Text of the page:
The IT roundabout is still turning....
FFS........Why not call a spade a spade..... 'Software' PC-over-IP = Thin Client.
that is all.
VMware has unveiled the latest version of its ESX-based virtualization software to capitalize on Microsoft's rollout of Windows 7. The company has launched VMware View 4.0, featuring a new communications protocol called PC-over-IP to provide real-time screen rendering, plus the ability to deploy and manage tens of thousands of …
"VMware believes the vSphere 4.0 changes in performance and management will make its desktop virtualization attractive to organizations rolling out Windows 7"
Having just upgraded to vSphere 4 we have found that the management client doesn't actually work on my Windows 7 desktop without a very dirty work-around (no problems on Vista/XP). How on earth am I supposed to roll-out a Windows 7 estate when the very tools I need to do it are crippled?
What is VMware's knowledgebase solution?
"The vSphere Client is not currently supported in Windows 7 and it does not run in Compatibility Mode.
To workaround this issue, install a Windows XP virtual machine in Windows 7 using Windows XP Mode."
The phrase 'cart before the horse' comes to mind.
I still don't buy into this whole virtualisation thing. If you are wanting to run diverse OS's on the same machine to save on cost then I can _just_ see an argument for it. But running multiple copies of the SAME OS (whether that be all Windows or all Linux or all whatever) on the same machine still doesn't make that much sense to me.
The VM itself eats up some resources (it is bound to), you are introducing yet more gloop into the basic platform, in the case of Windows you end up running into licensing issues, and all your apps are running on the same OS anyway! Just use ONE copy of the OS and run all your apps on that. Simpler. Less hassle. More efficient. Cheaper.
And I don't believe the "security by dividing up your environment" argument either - all your OS's are still fundamentally running together (on top of the VM). The only time this would not be the case is if you had some VERY specialised hardware (which doesn’t actually exist for all practical purposes).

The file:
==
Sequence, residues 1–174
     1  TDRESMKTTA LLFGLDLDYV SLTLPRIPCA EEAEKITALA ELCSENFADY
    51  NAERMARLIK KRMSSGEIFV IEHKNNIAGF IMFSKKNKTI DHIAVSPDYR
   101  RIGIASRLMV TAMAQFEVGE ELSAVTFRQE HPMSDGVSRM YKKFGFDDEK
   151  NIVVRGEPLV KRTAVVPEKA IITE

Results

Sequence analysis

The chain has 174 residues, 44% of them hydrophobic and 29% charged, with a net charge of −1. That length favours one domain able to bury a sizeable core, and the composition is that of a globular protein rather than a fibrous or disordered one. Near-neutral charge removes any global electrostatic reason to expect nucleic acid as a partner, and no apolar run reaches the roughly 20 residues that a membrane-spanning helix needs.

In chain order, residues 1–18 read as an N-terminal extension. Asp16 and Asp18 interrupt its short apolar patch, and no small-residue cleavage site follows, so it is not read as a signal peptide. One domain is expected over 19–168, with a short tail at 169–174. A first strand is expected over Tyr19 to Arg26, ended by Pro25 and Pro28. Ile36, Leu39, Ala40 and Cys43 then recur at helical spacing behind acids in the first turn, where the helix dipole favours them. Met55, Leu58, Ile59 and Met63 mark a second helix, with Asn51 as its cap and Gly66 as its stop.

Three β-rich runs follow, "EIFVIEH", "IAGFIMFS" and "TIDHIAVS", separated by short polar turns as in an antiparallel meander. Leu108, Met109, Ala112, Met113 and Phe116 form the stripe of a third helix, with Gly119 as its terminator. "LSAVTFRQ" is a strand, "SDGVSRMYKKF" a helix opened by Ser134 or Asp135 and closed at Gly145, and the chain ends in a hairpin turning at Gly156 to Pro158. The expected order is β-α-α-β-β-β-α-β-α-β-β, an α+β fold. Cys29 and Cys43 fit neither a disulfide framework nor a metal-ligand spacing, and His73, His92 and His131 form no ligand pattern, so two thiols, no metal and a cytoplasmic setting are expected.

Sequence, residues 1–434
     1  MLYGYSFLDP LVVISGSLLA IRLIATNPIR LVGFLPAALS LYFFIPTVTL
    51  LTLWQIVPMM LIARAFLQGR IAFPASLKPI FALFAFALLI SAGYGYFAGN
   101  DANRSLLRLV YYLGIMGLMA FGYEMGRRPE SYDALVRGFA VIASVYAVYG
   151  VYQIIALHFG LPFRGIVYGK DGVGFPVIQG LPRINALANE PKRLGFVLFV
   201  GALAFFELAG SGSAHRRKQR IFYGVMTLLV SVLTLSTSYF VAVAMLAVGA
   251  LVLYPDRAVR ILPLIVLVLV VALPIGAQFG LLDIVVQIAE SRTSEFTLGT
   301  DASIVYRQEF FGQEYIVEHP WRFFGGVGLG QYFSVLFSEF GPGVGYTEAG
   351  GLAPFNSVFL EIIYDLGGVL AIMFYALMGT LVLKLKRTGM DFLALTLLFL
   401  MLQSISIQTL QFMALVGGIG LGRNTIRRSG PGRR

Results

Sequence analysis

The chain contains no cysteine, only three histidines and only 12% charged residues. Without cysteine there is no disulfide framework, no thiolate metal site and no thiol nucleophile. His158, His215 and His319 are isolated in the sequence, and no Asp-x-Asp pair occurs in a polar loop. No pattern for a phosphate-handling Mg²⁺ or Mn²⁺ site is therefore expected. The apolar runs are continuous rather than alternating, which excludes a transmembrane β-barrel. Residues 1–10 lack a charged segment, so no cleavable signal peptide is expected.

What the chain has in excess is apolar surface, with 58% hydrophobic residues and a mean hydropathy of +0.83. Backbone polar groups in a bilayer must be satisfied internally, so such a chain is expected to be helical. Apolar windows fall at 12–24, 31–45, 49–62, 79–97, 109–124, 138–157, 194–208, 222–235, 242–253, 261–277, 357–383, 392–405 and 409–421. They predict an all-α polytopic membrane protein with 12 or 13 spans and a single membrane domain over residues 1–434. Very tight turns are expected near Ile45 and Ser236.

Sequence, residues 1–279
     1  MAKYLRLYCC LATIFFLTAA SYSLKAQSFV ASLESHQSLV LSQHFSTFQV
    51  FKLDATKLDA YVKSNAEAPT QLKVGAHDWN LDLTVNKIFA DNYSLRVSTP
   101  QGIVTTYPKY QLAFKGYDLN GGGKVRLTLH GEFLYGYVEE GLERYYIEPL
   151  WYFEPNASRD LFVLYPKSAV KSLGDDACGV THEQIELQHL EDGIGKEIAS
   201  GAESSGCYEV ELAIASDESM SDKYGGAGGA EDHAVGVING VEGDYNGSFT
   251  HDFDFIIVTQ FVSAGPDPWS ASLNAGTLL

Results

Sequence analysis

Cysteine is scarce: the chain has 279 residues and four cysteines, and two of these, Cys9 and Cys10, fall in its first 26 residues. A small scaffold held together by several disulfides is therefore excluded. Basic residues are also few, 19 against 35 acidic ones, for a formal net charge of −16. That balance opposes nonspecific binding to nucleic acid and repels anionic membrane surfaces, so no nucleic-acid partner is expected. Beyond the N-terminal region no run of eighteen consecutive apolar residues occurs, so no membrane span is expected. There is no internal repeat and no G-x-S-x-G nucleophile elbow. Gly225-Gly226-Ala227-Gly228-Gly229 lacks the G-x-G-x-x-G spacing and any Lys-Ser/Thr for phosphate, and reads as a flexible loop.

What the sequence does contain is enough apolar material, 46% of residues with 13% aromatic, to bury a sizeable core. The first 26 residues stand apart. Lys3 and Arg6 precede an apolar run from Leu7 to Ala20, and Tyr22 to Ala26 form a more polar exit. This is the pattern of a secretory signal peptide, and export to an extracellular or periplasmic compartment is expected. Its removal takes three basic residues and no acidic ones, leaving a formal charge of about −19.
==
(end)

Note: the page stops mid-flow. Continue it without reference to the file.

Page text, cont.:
As for the reliability argument - if you have an issue with reliability then change your OS and/or the applications that you run - adding gloop under it all isn't going to fix any of these problems.
This VM stuff is emperor's new clothes if you ask me, which you're not, so I'm telling you anyway.
Thin client desktops = cheap as chips machines with a much longer life cycle. Install nothing but a lightweight linux and then run your virtual machine on top of it. By not replacing desktops that can't run the latest greatest & Windoze saves a fortune for IT depts.
Need more users or more speed - simply buy more powerful servers. It's a piece of piss to setup a new vm server - much easier than upgrading desktops en-masse.
Also centraliszed vm's = huge benefits for sysadmins - updating vmware images is a damn sight easier and safer than a cocked up desktop rollout = safety + money saved.
Then there's centralised backup of vm images is 'a good thing' (TM). If a hdd dies on the desktop machine no problem - chuck a new one in image the machine over the network and hey-presto (ohh yes users are idiots and will store docs on their local drives in case you forgot).
So still can't see any benefit - you must be blind then......
ver said anything about thin clients, and I wasn't even considering the desktop when I said that I though VM was emperor's new clothes.
Whether or not you want to use thin clients (and I do not necessarily disagree with such use, despite being (apparently) blind) has nothing to do with whether you use VM on the server end - whether your thin clients talk to a Windows box, a Linux box, or a Cray YMP running two thousand instances of the ZX Spectrum OS is irrelevant - your thin client doesn't (or shouldn't) care! Just to spell this out (for anyone hard of seeing out there), VM has nothing to do with thin clients - they are two entirely different issues.
I was referring to running VM on the server side (which is where 99% of this stuff is used). Why is "centralised backup of your VM server" better than "centralised backup of a single OS server"?
So before you start ranting and calling other people blind, check out your own eyesight and read what is actually being written. By the way - I went for an eye test just last Friday and was told I have very healthy eyes thank you :-)
And dont forget about vMotion- being able to actually move LIVE VirtualMachines to another server to upgrade hardware in hours, or dynamically move heavily utilised VMs (users) to a client that will give them the extra performance they require, or move VMs off when they are just ticking over and give power users more.